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This article is part of the supplement: São Paulo Advanced School of Comparative Oncology: Abstracts

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Assesment of normal tissue radiosensitivity in cervical tumors

Ana TS Carvalho12*, Hellen S Cintra12, Nathany R Barbosa13, Juliana CD Pinezi14 and Renata BA Soares123

Author Affiliations

1 Laboratory of Oncogenetics and Radiobiology, Goiânia, GO, Brazil

2 Genetics Master's Program, PROPE, PUC, Goiânia, GO, Brazil

3 Department of Medicine, PUC, Goiânia, GO, Brazil

4 Medicine Faculty, Radiology Department, USP, São Paulo, SP, Brazil

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BMC Proceedings 2013, 7(Suppl 2):P6  doi:10.1186/1753-6561-7-S2-P6

The electronic version of this article is the complete one and can be found online at:

Published:4 April 2013

© 2013 Carvalho et al; licensee BioMed Central Ltd.

This is an Open Access article distributed under the terms of the Creative Commons Attribution License (, which permits unrestricted use, distribution, and reproduction in any medium, provided the original work is properly cited.


In Brazil, cervical cancer is the second most common malignant tumor among women. Radiation therapy is part of its interdisciplinary management. The major challenge of modern medicine in radiotherapy is to develop predictive methods that can determine the level of radiosensitivity of the patient and the healthy surrounding tissue in order to individualize the prescribed radiation dose, and to prevent severe side effects, promoting better local tumor control. This study evaluated the acute and chronic adverse effects on the skin, lower gastrointestinal tract and urinary tract of radiotherapy in 47 patients with cervical cancer.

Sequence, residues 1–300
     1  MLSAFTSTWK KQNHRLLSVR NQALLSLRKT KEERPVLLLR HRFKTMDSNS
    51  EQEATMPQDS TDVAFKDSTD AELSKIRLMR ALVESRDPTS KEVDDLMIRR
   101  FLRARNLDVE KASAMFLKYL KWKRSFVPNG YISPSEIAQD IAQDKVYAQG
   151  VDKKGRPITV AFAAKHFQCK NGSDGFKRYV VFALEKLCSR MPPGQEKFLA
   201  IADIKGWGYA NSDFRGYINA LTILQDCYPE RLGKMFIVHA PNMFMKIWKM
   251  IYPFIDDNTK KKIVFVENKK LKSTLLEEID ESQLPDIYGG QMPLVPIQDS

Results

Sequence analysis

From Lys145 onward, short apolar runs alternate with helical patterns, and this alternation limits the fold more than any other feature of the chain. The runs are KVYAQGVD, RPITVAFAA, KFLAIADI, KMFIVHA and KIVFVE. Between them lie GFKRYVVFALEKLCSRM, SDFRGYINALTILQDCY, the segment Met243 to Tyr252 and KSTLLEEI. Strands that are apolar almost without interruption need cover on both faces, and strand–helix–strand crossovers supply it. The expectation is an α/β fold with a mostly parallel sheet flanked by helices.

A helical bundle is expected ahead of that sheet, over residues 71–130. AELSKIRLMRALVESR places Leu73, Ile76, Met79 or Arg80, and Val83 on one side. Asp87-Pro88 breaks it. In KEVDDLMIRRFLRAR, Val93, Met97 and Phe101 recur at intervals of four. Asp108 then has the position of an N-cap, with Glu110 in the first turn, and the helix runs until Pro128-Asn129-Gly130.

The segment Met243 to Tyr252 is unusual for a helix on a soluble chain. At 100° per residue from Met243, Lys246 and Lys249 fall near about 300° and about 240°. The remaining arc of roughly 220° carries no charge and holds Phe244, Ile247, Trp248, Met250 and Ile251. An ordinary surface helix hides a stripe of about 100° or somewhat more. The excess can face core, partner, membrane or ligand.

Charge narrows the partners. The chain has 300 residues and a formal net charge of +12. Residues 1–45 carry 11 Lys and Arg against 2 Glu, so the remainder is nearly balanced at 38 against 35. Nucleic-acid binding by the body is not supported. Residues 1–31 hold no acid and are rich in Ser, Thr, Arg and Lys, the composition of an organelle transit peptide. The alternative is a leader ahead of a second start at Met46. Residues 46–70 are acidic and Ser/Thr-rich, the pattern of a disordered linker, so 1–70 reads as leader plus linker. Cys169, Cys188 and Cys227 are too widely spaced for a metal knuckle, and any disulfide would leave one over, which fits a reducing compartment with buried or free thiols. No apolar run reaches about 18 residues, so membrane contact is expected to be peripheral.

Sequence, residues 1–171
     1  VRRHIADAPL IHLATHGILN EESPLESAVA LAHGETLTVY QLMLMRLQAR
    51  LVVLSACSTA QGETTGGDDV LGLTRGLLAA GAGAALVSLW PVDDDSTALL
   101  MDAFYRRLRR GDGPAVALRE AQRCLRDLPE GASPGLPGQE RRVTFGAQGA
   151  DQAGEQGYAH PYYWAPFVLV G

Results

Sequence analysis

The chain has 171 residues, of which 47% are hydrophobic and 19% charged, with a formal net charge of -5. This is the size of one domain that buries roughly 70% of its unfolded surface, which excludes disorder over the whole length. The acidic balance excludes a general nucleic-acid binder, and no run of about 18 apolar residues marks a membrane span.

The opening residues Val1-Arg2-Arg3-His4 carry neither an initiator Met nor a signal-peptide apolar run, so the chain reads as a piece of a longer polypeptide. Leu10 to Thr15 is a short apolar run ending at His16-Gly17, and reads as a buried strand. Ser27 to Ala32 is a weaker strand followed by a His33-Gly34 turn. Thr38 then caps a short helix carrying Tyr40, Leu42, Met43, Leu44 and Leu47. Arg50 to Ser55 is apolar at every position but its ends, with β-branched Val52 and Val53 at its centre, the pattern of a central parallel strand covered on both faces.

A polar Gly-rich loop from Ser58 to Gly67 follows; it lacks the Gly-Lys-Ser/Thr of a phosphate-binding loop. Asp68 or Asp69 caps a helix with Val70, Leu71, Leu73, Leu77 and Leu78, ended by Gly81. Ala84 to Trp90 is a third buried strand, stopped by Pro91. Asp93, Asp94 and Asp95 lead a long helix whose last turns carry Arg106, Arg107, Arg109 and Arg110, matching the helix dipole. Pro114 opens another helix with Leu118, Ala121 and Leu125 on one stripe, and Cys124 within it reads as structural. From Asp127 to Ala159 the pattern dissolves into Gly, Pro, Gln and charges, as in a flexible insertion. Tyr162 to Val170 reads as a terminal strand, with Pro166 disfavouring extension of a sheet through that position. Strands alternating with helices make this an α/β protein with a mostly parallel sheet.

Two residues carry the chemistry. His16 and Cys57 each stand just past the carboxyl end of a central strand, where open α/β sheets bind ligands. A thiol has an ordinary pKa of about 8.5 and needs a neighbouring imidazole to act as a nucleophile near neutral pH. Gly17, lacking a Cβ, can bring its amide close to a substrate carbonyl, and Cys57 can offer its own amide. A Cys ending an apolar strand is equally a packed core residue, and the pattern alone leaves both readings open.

Materials and methods

After signing the informed consent agreement, a sample of peripheral blood of 47 patients was collected then the DNA was extracted. TP53 and ATM sequences were amplified to be sequenced.


Univariate analysis showed that age was strongly associated with a risk of acute skin toxicity (p=0,023). Patients who received a high dose of external beam radiation and patients who have undergone brachytherapy, showed a significantly higher incidence of chronic urinary tract toxicity (p=0,031) and (p=0,019), respectively. The exchange G>A in the position 5557 of the ATM gene was significantly associated with the risk of acute lower gastrointestinal tract toxicity (p=0,008).


Our data corroborate the importance of investigating genetic profiles in order to predict adverse side effects in patients with cervical cancer undergoing radiotherapy. TP53 and ATM, known to play an important role in DNA repair pathways, are probably capable of modifying responses of normal tissues to radiotherapy.

Financial support